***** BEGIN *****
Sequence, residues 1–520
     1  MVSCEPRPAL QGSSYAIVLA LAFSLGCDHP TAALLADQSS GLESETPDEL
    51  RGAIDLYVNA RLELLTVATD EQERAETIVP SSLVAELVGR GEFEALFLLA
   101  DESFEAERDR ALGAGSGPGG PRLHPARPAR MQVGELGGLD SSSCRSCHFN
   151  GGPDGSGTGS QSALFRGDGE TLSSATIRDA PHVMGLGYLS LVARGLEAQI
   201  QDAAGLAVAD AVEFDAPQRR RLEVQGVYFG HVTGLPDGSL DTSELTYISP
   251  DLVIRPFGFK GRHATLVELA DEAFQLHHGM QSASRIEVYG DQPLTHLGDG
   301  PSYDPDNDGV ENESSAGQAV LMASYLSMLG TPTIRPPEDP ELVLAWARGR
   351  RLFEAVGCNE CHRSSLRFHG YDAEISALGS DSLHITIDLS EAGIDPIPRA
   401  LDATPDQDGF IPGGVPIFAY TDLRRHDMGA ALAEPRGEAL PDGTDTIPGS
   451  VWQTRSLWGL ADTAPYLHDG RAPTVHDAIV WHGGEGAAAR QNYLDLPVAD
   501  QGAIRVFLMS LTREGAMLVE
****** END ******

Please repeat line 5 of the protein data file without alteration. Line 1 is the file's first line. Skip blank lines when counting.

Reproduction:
   151  GGPDGSGTGS QSALFRGDGE TLSSATIRDA PHVMGLGYLS LVARGLEAQI